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Pelosi defends ripping Trump’s speech as message to American people about SOTU falsehoods

‘I don’t need any lessons from anybody, especially the president of the United States, about dignity,’ speaker says

Speaker Nancy Pelosi, D-Calif., conducts her weekly news conference in the Capitol Visitor Center on Thursday, February 6, 2020. (Photo By Tom Williams/CQ Roll Call)
Speaker Nancy Pelosi, D-Calif., conducts her weekly news conference in the Capitol Visitor Center on Thursday, February 6, 2020. (Photo By Tom Williams/CQ Roll Call)

Speaker Nancy Pelosi on Thursday defended her decision to rip up President Donald Trump’s State of the Union speech, saying she decided about a quarter or third of the way through the address that something had to be done to indicate to the American people that his words were not the truth.

“I tore up a manifesto of mistruths,” the California Democrat said at her weekly news conference, noting the falsehoods in Trump’s speech on Tuesday evening were “dangerous to the American people if they believe what he said.”

[‘Taking off the gloves’: Pelosi ripping SOTU draws parties into their corners]

Republicans have criticized Pelosi for ripping up the speech, calling it a “tantrum” and a “disgraceful” display that is unbecoming of the speaker. Later Thursday, House Republicans will force a vote on a resolution to disapprove of Pelosi’s actions, which Democrats are expected to move to table, or kill. 

The speaker did not reference the resolution, but she noted: “I don’t need any lessons from anybody, especially the president of the United States, about dignity.” 

Pelosi said tearing up the speech was the “courteous” thing to do considering the “exuberances” in Trump’s SOTU. She criticized the president for using the Capitol and the House chamber as a forum for a political rally. 

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“That was not a State of the Union,” she said. “That was his state of mind.”

The speaker also defended her behavior as respectful considering the circumstances.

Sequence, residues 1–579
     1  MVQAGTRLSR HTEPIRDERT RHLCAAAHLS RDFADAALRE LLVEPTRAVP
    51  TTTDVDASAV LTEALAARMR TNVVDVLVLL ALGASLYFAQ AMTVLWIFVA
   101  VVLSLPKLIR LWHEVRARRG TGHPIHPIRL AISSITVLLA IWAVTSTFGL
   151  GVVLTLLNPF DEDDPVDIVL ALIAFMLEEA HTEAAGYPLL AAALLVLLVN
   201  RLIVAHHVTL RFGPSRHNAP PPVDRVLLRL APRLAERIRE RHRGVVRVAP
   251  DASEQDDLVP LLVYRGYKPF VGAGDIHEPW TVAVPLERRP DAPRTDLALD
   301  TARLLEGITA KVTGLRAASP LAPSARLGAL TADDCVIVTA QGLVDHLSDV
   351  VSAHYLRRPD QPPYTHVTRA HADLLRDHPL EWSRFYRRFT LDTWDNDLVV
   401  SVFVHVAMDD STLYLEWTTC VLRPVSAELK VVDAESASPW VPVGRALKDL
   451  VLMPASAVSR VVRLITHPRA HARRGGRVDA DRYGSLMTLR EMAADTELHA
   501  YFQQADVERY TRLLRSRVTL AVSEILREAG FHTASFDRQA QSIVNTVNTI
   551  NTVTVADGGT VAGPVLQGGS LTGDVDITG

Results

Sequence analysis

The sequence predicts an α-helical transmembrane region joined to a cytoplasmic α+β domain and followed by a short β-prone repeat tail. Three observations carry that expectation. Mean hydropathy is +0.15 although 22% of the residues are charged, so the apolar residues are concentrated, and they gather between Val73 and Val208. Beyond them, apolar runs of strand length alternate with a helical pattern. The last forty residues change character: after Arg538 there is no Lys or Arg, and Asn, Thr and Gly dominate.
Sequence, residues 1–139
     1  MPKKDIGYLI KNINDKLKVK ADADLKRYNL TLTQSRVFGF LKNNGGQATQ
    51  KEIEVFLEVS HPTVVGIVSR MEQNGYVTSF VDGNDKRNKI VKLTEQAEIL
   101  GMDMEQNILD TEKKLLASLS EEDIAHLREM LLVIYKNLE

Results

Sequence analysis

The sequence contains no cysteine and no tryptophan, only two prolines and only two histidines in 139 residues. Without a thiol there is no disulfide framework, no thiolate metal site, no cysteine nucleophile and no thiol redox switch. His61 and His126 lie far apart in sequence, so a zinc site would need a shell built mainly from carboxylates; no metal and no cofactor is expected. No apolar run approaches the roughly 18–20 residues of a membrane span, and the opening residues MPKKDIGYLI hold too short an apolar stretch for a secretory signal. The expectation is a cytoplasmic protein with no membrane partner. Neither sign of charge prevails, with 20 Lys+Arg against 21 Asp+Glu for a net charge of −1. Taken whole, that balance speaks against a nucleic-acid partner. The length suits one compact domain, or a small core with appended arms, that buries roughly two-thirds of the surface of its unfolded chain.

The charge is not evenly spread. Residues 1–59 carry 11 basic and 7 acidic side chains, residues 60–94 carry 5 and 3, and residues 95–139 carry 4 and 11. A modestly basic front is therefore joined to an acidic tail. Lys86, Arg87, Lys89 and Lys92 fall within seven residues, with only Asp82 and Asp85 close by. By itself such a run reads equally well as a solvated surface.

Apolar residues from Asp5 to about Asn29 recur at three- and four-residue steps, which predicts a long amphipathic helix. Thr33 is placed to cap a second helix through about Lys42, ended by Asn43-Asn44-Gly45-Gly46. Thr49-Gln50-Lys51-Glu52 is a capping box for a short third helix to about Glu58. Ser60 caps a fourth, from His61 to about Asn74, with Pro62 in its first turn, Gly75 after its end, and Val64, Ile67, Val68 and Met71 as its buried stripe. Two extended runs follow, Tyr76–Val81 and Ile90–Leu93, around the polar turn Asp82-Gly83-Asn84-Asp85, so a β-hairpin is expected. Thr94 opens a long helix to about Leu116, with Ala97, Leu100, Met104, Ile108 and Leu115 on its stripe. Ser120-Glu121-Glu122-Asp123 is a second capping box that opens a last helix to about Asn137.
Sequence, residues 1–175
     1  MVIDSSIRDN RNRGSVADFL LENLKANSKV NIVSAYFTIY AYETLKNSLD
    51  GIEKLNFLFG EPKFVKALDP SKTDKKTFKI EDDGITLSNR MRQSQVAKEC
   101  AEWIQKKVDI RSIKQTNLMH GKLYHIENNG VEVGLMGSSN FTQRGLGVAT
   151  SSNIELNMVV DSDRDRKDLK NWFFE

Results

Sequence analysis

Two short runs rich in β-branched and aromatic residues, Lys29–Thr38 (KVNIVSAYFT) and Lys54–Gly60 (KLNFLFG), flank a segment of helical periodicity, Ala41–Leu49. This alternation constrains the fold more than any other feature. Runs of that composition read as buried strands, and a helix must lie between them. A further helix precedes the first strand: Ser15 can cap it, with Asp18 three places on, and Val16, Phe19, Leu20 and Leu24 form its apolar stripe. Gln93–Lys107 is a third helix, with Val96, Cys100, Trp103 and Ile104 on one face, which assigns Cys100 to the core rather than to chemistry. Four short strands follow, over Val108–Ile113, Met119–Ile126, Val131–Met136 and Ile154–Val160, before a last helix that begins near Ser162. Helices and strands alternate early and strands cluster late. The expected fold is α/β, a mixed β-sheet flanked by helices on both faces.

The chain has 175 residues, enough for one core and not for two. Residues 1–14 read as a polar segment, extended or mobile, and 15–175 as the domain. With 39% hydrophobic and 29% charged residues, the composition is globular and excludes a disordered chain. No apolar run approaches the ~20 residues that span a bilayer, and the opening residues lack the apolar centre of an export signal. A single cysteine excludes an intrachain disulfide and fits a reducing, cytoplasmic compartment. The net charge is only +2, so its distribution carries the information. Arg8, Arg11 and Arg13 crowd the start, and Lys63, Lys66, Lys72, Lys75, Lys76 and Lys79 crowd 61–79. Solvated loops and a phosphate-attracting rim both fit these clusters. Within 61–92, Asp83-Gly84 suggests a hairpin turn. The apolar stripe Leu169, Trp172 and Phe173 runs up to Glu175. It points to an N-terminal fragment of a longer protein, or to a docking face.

“I’m always dignified,” she said. “I thought that was very dignified.”

Like she told her caucus the day before, Pelosi told reporters she feels “liberated” in standing up to Trump and his falsehoods (the speaker said she doesn’t like to use the word “lies.”)

“I feel like I’ve extended every possible courtesy,” she said. 

Asked if she would be reluctant to invite Trump back for another address to Congress should he win reelection, Pelosi did not want to envision that scenario. 

“Next year we will have a new president of the United States,” she said.  “That is an absolute imperative for our country.”

‘Nothing to do with’ handshake snub

Pelosi also addressed Trump not shaking her hand as she extended it to him before the speech Tuesday, saying that “had nothing to do with” her decision to tear up the speech.

“I extend the hand of friendship to him, to welcome him as the president of the United States,” she said. “He didn’t want to shake hands. That was that. That was nothing to me.”

Pelosi acknowledged that she’s always had a strained relationship with the Trump, but she said they’ve been able to work together in some instances, like on December measures to fund the government and finalize the trade agreement between the United States, Mexico and Canada. 

Asked if anything has changed after the SOTU snubs, Pelosi said, “That would be up to him. Certainly hasn’t changed when it comes to us.”

While Pelosi riffed about her decision to tear up Trump’s SOTU speech, she only did so in response to reporters’ questions about and after complaining that it’s hard to get the media to talk about the issues Democrats are working on.

To that end, the speaker said she’s still willing to work with Trump to get laws passed on policies important to both parties, like infrastructure and lowering prescription drugs. 

“Everybody is a possible ally in whatever comes next,” she said. 


Pelosi’s comments to reporters Thursday come just hours after she and Trump attended the National Prayer Breakfast. The president held up a copy of USA Today with an “ACQUITTED” banner headline when he arrived at the prayer breakfast. As Trump took the podium, he took a clear and obvious swipe at Speaker Nancy Pelosi, who was sitting to his left at the head table, as well as Utah GOP Sen. Mitt Romney.

“I don’t like people who use their faith as justification for doing what they know is wrong,” Trump said, alluding to Romney invoking his faith Thursday as he announced he would vote to convict Trump on the abuse of power article of impeachment. 

“Nor do I like people who say, ‘I pray for you,’ when they know that that’s not so,” the president added, referring to Pelosi, an observant Catholic who often says that she prays for the president. “So many people have been hurt, and we can’t let that go on.”

Trump was more specific in naming Pelosi during a White House speech Thursday afternoon, saying, “I doubt she prays at all.”

Pelosi addressed Trump’s prayer comments during her press conference, calling them “so inappropriate” and noting that what he said about Romney “was particularly without class.”

“I don’t know if the president understands about prayer or people who do pray. But we do pray for the United States of America. I pray for him,” she said, noting she did so for other presidents as well “because it’s a heavy responsibility.”

But Pelosi noted her prayers for Trump are unique. 

“I pray hard for him because he’s so off the track of our Constitution, our values, our country … He really needs our prayers,” she said. “He can say whatever he wants, but I do pray for him and I do so sincerely and without anguish.” 

Niels Lesniewski contributed to this report. 

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